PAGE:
OMG, can I just get a breath here?! I feel like my world has completely collapsed around me as my husband and I adjust to ordering groceries two weeks ahead and rinsing each other with bleach when we come back into the house. I thought I was getting pretty good at this whole adulting thing, yet find myself wanting my mom who is quarantined 30 minutes away. I KNOW. I AM SUCH A BABY. And I am not even truly affected by coronavirus, thank God. I cannot even imagine the stress and despair of those dealing with this pandemic firsthand.
I am a busy person. Not the “stop the glorification of busy” type, but more that I am passionate about using my time to complete projects and help others. I believe there is always an opportunity to help someone, always an opportunity to improve a project I am working on. I mean, I was running a homemade greeting card business out of my basement bedroom when I was four years old…This Type A, go-getter personality is great when the world is running at its usual fierce pace. But when everything comes to a very loud screech and you find yourself perched in a lounge chair in your sunroom for 23 days straight (minus a quick trip to the hospital..eek), you realize just how busy your mind is used to being. Within 10 minutes of being quarantined, I came up with the idea for #MyCovidStory, a passion project to capture raw, unedited photos, videos and stories of #COVID19 in order to inspire, encourage and incite change.
My husband and parents had a bit of an intervention with me and pointed out that I also should use this time to get into a healthier schedule of eating (I tend to lose a lot of weight while working) and self-care. They didn’t exactly have to pull my leg on this one as self-care is one of my passions. I was irate last year when it became a HUGE buzz on social media. The selfish, only care for yourself, forget your friends, tell your boss no, etc. approach was a turn-off for me. While all of those things can be a part of self-care, to me self-care is more about taking care of yourself so you are healthy enough to go out and care for others and give projects your very best.
I read an amazing book recently about habit stacking and I’ve become obsessed with this concept. You basically take something that you want to start doing and attach it to a habit that you are already doing. I forget to floss ALL of the time, so I decided to practice habit stacking by flossing around my morning habit of brushing my teeth. I also leave the floss right next to my toothbrush so I don’t miss a day. It’s been pretty successful.
So I brought that concept to little steps I wanted to take to practice healthy self-care. I stacked drinking tea, honey and apple cider vinegar onto taking my afternoon meds. i stacked yoga onto my morning routine as what I do right after I finish my coffee. I stacked meditation at the end of the yoga. By doing these simple habit stacks, I am able to stay more committed to my self-care routine. One I am severely struggling with is when I go to bed and when I wake up in the morning. I will get there!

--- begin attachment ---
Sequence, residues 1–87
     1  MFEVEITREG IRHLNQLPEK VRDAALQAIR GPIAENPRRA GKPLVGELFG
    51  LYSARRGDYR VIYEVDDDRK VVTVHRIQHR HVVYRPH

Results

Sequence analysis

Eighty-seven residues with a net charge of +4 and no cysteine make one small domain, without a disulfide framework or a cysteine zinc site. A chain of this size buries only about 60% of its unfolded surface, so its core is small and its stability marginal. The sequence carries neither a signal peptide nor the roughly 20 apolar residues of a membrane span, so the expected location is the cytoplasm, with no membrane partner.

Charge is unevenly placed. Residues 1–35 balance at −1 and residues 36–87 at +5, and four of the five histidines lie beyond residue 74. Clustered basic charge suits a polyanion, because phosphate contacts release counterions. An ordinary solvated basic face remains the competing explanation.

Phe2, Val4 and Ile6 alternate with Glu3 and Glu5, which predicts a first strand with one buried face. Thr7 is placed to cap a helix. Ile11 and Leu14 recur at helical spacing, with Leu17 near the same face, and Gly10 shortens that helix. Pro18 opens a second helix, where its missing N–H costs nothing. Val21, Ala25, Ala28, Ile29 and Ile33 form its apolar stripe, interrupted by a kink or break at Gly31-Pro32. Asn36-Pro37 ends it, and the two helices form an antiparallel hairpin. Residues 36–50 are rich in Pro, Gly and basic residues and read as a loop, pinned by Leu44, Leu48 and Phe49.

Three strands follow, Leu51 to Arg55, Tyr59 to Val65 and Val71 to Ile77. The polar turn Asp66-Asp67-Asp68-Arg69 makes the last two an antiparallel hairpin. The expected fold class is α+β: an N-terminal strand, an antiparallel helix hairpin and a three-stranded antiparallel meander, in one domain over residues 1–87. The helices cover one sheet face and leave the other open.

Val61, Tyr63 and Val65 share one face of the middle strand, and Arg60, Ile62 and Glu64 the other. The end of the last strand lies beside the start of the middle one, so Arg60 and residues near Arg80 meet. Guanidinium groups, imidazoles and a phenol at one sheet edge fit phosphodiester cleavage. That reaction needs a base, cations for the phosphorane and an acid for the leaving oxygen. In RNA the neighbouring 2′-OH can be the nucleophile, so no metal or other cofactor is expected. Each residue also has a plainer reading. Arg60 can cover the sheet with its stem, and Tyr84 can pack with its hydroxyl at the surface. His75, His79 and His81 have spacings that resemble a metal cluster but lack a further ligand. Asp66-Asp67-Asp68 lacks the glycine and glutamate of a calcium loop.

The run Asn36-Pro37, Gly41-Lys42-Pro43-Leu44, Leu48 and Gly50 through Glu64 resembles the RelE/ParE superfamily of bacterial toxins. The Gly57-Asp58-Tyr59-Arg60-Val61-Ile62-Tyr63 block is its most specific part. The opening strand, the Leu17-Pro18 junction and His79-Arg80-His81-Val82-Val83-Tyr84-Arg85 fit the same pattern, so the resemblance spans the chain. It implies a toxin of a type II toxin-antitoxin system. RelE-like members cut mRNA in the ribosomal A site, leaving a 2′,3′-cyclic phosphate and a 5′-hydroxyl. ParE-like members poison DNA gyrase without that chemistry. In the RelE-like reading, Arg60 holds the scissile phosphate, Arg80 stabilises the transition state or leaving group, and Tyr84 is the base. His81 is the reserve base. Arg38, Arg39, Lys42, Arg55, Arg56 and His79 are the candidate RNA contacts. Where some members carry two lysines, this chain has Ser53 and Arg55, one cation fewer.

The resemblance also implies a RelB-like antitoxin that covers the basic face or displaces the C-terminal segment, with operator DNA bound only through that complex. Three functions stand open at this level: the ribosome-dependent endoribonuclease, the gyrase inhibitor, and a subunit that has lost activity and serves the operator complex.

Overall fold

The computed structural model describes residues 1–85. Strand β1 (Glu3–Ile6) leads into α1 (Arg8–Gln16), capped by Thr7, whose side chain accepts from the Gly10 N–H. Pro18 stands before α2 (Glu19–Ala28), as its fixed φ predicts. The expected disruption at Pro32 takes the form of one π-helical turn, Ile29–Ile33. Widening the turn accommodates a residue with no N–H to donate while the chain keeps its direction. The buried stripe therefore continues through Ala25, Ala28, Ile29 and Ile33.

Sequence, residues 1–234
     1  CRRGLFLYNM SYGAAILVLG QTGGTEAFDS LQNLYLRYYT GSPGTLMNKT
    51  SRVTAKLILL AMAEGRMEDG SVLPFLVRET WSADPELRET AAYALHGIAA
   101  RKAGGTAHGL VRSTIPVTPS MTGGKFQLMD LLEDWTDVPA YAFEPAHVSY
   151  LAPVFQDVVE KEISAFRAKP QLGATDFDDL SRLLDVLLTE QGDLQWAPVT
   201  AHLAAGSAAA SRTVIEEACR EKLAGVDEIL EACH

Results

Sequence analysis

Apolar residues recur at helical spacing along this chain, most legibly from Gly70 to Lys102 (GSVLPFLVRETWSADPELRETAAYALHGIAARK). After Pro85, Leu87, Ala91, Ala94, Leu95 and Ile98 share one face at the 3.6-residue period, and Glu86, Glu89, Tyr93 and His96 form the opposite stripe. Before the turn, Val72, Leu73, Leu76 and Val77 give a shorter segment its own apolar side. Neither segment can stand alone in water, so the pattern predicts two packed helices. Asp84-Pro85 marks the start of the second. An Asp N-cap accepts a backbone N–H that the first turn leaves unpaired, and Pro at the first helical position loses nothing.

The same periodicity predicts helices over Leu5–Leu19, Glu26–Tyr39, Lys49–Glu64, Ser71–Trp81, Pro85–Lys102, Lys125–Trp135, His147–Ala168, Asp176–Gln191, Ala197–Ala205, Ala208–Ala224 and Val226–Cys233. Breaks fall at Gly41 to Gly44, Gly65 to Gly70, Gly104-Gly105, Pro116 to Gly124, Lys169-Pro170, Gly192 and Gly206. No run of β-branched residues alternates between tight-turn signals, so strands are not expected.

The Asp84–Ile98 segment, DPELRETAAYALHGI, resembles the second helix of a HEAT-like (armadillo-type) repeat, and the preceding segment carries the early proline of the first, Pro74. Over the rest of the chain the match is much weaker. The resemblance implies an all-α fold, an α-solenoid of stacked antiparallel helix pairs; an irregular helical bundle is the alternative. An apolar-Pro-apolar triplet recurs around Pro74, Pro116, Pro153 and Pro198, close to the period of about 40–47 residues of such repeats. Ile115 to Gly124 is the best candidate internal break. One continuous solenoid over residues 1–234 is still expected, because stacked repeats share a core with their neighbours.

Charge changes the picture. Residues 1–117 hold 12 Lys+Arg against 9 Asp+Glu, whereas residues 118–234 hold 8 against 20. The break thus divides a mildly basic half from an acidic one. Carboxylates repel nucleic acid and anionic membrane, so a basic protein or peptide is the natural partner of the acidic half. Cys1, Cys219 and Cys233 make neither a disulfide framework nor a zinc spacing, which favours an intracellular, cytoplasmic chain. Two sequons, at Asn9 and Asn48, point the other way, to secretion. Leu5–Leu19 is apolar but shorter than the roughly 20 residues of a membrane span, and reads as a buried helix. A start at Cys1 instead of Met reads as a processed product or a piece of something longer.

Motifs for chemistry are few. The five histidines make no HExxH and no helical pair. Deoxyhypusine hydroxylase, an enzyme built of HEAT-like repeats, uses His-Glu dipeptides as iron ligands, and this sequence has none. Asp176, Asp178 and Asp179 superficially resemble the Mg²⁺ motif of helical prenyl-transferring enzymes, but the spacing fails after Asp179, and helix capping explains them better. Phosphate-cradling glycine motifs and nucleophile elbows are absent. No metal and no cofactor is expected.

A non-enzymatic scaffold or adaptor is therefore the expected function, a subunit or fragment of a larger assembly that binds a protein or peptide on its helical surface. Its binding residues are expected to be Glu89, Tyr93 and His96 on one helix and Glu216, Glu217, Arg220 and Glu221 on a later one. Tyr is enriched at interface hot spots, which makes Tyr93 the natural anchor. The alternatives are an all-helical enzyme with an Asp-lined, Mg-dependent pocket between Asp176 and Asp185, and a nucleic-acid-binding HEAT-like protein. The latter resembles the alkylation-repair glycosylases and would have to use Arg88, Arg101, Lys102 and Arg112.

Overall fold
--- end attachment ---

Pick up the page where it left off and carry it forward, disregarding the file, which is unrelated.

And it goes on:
Things I hope to add include free-writing for 30 mins a day, practicing yoga twice a day, filling in my grateful journal daily. I would be so overwhelmed if I added those with everything else, though, so they will be added once I accomplish getting the sprinkles of self-care I listed so far into my routine as habits.
One other way people find helpful for self-care is actually scheduling a meeting with themselves on their work calendar. Especially people who work in an office find this helpful because they hate to break meetings, and are less likely to “miss” their self-care time. Another thing this accomplishes is showing others in your organization that you are busy so they won’t schedule anything for you during that time. This can be hard if you work in an industry where meetings are canceled, rescheduled and scheduled on top of each other.
Lists is a third way that helps keep people on track with their self-care. Listing everything you want to accomplish on a daily basis with self-care creates a need for you to check-off that list. I incorporate lists with my habit stacking. You can see an example of my list below. Lists are also helpful because you can use them to track your growth over time and learn what is and isn’t working.
Habit stacking, scheduling meetings with yourself and creating lists with items to check off are just three ways to keep yourself committed to your self-care goals. The trick is to start small and build from there. Don’t expect to be a self-care maven on day one. Life happens (and is happening A LOT right now). Don’t get agitated when life rears her ugly head and interrupts what you had planned. Accept it, go with it, and start again with your routine the next day.
Thinking of all of you during this time. Xoxo.
– Marji J. Sherman